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  1. #1
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    Default Best way to access and display bean object data?

    I have read about the recommended model 2 architecture, but I am not sure if my implementation really reflects this architecture, so I am going to display some code here.
    In brief, I have a jsp that sends and receives the requested data. The controller servlet intercepts the requests and decides what to to. The data model consists of some bean objects that are stored in an array. Upon request, a certain array element is selected and then displayed. My approach works, but this doesn't mean that it's good.

    Here is the basic code:

    index.jsp

    XML Code:
    <%!
       // Initialisation
       public void jspInit() {
        BeanGenerator.generateBeans();
    		
    	}
    
    	} 
    %>
    
    
    <form action="Controller" method="get">
    	    <input type="submit" value="1" name="btn1"/>
    		<input type="submit" value="2" name="btn2"/>
    		<input type="submit" value="3" name="btn3"/>		
    </form>
    
    Attribute 1:
        <jsp:expression>BeanGenerator.getSelectedObject().getAttb1() </jsp:expression> 
        <br></br>
    Attribute 2:
        <jsp:expression>BeanGenerator.getSelectedObject().getAttb1()</jsp:expression> 
        <br></br>


    Controller

    Java Code:
    protected void doGet(HttpServletRequest request,
    			HttpServletResponse response) throws ServletException, IOException {
    				
    		String target = "index.jsp";
    
    		if (request.getParameter("btn1") != null) {
    			BeanGenerator.setSelectedObject(BeanGenerator.getItemById(0));		
    		}
    	       else if (request.getParameter("btn2") != null) {
    			BeanGenerator.setSelectedObject(BeanGenerator.getItemById(1));
    		}
                   else {
    			BeanGenerator.setSelectedObject(BeanGenerator.getItemById(2));
    		}
    			
    		RequestDispatcher dis = request.getRequestDispatcher(target);
    	       dis.forward(request, response);
    	}

    BeanGenerator

    Java Code:
    public static ArrayList<Item> itemList;
    
    public static Item getItemById(int id){	
    		return itemList.get(id);		
    	}
    
    // generates bean objects and saves them in itemList
    public static void generateBeans() {
    
    // ..............		
    	}
    Is a Vector maybe a better choice to save the bean objects than an ArrayList, because it's threadsafe?
    When and where should I generate the bean objects? The bean objects are static, they don't change during runtime, so it would make sense to generate them only once at application startup and not upon every user request.

    I would be very happy if someone criticised this approach.
    Last edited by noodle_variation_187-X; 06-14-2012 at 03:13 PM.

  2. #2
    Tolls is offline Moderator
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    Default Re: Best way to access and display bean object data?

    That's full of red flags to me.
    Why all the static stuff?
    Especially the concept of setSelectedX() in something that appears not to be threadsafe, and which will likely change during a single call.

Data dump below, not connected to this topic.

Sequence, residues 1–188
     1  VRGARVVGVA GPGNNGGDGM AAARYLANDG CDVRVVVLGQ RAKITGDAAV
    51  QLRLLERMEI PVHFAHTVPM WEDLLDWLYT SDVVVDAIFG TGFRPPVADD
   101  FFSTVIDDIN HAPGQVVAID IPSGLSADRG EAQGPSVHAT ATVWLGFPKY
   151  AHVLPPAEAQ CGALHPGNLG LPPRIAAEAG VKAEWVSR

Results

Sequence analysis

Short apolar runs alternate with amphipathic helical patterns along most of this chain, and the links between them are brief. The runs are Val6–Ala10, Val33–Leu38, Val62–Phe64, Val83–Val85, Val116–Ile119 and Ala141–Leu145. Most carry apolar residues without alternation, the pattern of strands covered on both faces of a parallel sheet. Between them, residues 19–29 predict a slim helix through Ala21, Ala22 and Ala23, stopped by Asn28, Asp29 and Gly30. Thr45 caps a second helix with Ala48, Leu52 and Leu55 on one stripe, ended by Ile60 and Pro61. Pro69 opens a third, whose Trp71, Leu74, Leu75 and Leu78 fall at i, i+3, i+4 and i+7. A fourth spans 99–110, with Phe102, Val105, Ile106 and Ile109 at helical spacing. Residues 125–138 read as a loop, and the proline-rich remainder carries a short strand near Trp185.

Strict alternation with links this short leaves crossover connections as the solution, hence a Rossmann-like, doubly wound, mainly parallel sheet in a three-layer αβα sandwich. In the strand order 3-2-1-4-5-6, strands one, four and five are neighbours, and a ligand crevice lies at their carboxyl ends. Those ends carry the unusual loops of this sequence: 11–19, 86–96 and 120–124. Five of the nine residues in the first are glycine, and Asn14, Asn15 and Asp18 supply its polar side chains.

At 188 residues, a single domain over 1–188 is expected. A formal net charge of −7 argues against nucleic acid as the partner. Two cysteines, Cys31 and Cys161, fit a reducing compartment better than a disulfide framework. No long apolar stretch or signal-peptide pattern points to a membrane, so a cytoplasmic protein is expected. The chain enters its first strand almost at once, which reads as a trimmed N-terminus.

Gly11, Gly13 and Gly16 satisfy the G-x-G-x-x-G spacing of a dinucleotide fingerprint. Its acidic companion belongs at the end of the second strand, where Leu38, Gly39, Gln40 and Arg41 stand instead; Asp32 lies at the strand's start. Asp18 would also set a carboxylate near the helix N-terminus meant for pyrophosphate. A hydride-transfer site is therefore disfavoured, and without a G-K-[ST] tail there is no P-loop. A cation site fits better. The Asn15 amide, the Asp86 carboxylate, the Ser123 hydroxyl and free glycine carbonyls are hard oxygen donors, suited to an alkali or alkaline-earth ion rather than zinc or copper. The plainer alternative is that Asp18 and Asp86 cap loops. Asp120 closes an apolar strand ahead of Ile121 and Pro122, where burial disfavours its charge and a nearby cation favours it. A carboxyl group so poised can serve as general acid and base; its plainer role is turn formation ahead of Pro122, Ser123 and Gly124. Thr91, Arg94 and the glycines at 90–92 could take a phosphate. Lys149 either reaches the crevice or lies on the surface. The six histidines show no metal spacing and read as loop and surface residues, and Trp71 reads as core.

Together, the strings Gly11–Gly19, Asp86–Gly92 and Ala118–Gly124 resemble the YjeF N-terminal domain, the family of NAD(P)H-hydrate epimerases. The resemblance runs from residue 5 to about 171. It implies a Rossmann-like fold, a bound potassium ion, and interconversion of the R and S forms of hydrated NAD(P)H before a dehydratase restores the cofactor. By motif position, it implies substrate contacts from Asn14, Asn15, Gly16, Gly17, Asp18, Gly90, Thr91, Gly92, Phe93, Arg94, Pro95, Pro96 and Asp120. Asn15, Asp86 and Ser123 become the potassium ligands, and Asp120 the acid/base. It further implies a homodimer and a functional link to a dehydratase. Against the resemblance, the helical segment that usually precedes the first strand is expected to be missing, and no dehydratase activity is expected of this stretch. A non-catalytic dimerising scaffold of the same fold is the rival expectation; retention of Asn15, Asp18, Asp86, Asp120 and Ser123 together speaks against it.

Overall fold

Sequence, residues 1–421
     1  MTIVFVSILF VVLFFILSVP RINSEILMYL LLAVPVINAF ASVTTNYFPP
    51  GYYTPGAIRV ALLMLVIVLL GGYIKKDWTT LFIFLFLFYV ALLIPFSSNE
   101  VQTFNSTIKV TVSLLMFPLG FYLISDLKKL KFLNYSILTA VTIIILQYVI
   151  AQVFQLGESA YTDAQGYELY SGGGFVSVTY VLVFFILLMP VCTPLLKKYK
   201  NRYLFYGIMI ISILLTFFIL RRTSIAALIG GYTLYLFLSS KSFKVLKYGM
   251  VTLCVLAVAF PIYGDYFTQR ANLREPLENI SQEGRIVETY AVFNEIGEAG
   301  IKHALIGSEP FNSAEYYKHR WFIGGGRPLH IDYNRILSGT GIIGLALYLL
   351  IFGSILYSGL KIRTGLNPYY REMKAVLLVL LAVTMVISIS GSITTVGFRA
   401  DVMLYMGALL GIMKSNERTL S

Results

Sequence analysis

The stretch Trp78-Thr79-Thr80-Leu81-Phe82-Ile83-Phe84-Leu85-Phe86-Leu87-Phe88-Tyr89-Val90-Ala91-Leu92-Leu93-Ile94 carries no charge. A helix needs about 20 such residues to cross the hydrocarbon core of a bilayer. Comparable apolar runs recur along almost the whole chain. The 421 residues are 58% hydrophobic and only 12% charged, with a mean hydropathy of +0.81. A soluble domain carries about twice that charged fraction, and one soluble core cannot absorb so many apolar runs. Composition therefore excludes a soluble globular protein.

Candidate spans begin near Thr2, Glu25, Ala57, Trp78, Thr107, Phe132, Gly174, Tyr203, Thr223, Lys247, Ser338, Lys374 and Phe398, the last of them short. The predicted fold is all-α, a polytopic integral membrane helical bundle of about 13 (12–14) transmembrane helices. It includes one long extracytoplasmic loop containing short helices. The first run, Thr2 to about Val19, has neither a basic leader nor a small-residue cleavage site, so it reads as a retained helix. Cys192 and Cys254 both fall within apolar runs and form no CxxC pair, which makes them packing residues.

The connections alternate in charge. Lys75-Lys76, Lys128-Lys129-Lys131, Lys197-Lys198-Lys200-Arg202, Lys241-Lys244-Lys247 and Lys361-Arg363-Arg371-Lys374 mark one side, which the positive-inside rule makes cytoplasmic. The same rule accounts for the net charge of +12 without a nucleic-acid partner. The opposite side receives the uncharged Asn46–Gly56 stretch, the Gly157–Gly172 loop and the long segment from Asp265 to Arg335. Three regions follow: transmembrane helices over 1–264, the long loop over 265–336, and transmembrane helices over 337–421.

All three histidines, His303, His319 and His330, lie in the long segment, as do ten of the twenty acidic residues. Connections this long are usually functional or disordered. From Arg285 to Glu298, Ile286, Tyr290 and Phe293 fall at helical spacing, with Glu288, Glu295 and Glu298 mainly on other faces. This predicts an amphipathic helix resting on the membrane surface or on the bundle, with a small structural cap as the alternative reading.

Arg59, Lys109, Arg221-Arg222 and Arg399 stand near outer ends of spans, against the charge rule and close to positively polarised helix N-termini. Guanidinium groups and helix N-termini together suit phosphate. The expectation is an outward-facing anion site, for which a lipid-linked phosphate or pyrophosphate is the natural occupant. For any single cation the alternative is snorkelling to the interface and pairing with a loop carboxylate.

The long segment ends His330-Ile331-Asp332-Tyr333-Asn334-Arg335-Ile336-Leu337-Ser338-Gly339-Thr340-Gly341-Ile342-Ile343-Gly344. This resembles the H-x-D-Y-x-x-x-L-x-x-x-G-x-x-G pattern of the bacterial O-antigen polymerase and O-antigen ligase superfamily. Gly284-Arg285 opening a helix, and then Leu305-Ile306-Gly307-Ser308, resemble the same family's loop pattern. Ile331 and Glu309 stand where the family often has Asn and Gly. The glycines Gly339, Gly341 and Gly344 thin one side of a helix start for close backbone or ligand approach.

User A presses button 1, User B presses button 2. Both requests hit the server at the same time. It's pot luck as to what happens then and what each user sees.

    If the Bean Generator is simply a data store, then you should get the data out of it and store that selected bean in the request.
    Get rid of the initialisation on the JSP as it's utterly pointless.
    I would turn the generator into a singleton, which would then be initialised when it is constructed.
    Please do not ask for code as refusal often offends.

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  3. #3
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    Default Re: Best way to access and display bean object data?

    The way the beans are created and stored is basically ok? But if they shouldn't be created upon application start, when else should they be created? Because the bean objects are the same for all users, it makes sense to create them only once.

    As far as I understood it should work like this:
    1. The request with some parameters is sent to the controller.
    2. Depending upon the request parameter a certain bean is selected from the array/vector
    and then copied and wrapped into the request object.
    3. The request object is received and the bean attributes are read and displayed.

    Right so far? I'll post the improved version later.

  4. #4
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    Default Re: Best way to access and display bean object data?

    If it's a singleton then the beans (whatever they may be, as I have no idea, but presume they are constant data of some sort) will be created in the singleton constructor, as I said.
    Note that these beans can be read only, as if they change then you will need to synchronise. And I would then question what you were attempting.

    The rest is fine, so long as you are getting these things from a singleton.
    Please do not ask for code as refusal often offends.

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  5. #5
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    Default Re: Best way to access and display bean object data?

    Thanks. Ok, then I have one instance of BeanGenerator, but where is the getInstance() method called? If it's called in the doGet() method of the Controller each user would get his own copy of the data in a separate thread. Am I right?